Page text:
Why teachers need to make their students understand the importance of good posture
It is important for all teachers to teach good posture to their students as early as possible. An early start to developing good postural practices is key for children's future.
Children develop their postural habits before the age of seven, and it's quite difficult to break them once they've learned to sit or stand in a certain way.
Chronic discomfort throughout the body can be caused by prolonged poor positions such as slouching, gazing into computer screens, or using phones and electronic devices. These behaviours and patterns of movement lead to chronic asymmetries in muscle tone, muscle weakness, and joint dysfunctions.
Imagine how much time children spend at school wearing a bag that likely weighs as much as
Many posture specialists see issues like upper back rounding, shoulder muscle strain, neck discomfort, and pain associated with overuse of gadgets in younger and younger children every they do. Not to mention sitting for hours in their chairs or staring at learning gadgets. Although each child is unique, there's no denying that our children's bodies suffer a great deal of wear and tear during the day.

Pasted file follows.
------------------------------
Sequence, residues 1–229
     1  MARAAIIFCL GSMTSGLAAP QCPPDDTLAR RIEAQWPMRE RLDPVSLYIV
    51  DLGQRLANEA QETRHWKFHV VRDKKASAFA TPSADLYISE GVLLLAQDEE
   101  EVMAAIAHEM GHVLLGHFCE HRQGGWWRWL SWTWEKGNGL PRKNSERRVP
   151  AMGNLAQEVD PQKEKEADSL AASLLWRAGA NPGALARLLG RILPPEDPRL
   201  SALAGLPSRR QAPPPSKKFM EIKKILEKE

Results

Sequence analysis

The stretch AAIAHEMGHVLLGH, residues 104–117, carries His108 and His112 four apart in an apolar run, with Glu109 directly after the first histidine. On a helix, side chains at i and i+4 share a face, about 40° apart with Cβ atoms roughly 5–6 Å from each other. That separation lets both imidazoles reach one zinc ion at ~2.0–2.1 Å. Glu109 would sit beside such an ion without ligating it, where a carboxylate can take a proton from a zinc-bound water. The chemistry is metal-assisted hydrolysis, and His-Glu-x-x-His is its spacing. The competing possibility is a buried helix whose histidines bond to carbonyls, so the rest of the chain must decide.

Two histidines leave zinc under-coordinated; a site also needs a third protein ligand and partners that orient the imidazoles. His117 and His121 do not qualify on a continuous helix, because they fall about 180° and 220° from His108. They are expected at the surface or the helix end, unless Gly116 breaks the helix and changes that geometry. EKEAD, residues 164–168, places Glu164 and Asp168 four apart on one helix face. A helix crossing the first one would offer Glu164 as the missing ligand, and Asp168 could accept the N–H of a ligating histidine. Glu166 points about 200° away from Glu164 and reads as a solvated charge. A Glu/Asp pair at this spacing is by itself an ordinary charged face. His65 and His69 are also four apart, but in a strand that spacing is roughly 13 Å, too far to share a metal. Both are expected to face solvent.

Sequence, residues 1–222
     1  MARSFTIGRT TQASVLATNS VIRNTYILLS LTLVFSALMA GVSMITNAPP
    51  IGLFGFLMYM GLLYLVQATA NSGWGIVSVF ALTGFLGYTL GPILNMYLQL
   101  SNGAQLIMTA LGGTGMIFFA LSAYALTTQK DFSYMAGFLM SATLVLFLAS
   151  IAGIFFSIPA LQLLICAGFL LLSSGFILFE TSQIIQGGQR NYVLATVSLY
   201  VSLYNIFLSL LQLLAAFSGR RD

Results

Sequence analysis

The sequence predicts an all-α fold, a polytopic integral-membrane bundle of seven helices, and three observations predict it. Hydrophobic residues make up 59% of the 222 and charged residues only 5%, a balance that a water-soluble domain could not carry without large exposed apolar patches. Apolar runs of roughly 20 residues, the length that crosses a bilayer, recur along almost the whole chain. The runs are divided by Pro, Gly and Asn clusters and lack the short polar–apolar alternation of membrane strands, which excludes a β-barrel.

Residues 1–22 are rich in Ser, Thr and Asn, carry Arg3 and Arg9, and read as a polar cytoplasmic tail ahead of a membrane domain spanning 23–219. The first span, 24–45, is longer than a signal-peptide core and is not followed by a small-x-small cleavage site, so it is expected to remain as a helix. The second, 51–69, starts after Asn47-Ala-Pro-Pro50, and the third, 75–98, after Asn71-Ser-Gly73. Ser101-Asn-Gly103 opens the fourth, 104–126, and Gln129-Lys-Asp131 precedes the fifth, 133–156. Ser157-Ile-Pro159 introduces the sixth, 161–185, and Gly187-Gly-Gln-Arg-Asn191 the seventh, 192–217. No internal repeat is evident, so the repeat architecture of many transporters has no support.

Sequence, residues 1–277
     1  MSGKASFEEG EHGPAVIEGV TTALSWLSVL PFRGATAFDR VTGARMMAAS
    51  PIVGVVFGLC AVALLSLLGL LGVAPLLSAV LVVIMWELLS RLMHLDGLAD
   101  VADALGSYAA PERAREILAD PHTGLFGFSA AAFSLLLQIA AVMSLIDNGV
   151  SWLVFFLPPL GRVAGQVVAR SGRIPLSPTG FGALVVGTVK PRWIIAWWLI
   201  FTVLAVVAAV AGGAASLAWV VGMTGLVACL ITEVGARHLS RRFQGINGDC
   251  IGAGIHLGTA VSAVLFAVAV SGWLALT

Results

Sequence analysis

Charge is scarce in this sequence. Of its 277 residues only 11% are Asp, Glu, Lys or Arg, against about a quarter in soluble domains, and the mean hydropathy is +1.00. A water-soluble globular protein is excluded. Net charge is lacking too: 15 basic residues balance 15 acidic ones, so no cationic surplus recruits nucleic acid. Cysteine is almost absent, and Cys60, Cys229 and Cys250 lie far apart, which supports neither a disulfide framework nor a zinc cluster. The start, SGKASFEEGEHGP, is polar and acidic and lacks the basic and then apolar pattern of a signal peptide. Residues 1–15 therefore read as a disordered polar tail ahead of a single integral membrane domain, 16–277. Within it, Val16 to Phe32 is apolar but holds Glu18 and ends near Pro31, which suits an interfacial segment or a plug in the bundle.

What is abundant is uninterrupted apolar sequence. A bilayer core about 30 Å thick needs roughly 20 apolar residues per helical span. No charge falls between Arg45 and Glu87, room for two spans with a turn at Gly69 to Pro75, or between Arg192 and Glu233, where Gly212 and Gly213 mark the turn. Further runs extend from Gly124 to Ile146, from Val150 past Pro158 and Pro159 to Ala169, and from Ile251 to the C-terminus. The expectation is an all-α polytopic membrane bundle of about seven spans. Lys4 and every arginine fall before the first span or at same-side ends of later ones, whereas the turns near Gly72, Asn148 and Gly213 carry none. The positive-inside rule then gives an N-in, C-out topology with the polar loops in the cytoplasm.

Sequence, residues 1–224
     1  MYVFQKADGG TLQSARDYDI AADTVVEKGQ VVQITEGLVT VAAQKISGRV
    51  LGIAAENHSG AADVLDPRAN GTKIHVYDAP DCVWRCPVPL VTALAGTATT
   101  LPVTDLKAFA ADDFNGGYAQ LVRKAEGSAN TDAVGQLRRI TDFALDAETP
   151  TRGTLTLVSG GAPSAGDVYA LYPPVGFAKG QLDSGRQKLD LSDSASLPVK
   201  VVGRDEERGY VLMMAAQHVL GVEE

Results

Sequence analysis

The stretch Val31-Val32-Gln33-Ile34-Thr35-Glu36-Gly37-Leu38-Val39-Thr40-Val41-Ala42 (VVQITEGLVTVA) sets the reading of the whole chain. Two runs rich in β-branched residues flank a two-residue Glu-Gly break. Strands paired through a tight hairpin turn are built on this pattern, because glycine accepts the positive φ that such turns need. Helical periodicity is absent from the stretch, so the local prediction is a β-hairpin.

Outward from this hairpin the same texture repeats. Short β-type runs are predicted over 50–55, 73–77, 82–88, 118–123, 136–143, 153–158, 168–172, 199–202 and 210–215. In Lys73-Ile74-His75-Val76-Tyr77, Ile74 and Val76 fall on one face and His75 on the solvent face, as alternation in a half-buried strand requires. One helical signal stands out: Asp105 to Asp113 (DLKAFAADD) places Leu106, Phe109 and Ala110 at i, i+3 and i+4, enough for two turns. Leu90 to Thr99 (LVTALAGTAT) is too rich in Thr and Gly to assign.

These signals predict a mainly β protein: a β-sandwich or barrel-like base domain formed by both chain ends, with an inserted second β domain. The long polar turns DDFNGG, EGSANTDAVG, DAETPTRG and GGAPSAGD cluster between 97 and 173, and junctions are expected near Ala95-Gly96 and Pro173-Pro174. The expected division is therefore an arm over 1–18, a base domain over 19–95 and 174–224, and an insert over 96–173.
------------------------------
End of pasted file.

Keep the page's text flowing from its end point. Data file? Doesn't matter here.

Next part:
Typically, neck discomfort and back problems are associated with individuals who sit at desks all day and become stuck in repetitive movements or positions without practicing changes in their patterns. It is alarming that these problems are affecting children well below the average working age.
We all know that bad habits are hard to break and they can develop very rapidly in young children. As a consequence, it’s important to lead by example, and help children develop self-control when they're still young.
Our daily activities change as we get older, and this might lead to more severe back discomfort or injury. This is why it's critical to explain the importance of excellent posture in children at a young age, so they can avoid back discomfort and injuries later in life.
Good posture starts early in childhood and affects how your body operates for the rest of your life. Teach your students good habits to maintain proper posture and encourage them to be active both inside and outside the classroom.
We all know that bad habits are hard to break and they can develop very rapidly in young children. Our daily activities change as we get older, and this might lead to more severe back discomfort or injury. As a consequence, it’s important to lead by example, and help children develop self-control when they're still young.